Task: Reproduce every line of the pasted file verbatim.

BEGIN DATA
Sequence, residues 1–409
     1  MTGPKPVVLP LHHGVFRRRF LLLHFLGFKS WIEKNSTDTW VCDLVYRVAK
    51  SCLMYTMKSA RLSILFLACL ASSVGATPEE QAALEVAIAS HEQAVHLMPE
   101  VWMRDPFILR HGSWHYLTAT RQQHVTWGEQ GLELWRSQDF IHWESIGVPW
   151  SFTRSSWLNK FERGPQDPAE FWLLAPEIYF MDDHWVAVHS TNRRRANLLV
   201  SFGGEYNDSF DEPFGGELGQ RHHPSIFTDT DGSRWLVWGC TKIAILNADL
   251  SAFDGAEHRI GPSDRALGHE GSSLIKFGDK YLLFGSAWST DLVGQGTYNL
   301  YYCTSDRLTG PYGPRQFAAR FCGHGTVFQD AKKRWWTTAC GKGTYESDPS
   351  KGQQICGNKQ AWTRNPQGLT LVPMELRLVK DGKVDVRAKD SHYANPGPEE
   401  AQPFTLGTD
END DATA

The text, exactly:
Sequence, residues 1–409
     1  MTGPKPVVLP LHHGVFRRRF LLLHFLGFKS WIEKNSTDTW VCDLVYRVAK
    51  SCLMYTMKSA RLSILFLACL ASSVGATPEE QAALEVAIAS HEQAVHLMPE
   101  VWMRDPFILR HGSWHYLTAT RQQHVTWGEQ GLELWRSQDF IHWESIGVPW
   151  SFTRSSWLNK FERGPQDPAE FWLLAPEIYF MDDHWVAVHS TNRRRANLLV
   201  SFGGEYNDSF DEPFGGELGQ RHHPSIFTDT DGSRWLVWGC TKIAILNADL
   251  SAFDGAEHRI GPSDRALGHE GSSLIKFGDK YLLFGSAWST DLVGQGTYNL
   301  YYCTSDRLTG PYGPRQFAAR FCGHGTVFQD AKKRWWTTAC GKGTYESDPS
   351  KGQQICGNKQ AWTRNPQGLT LVPMELRLVK DGKVDVRAKD SHYANPGPEE
   401  AQPFTLGTD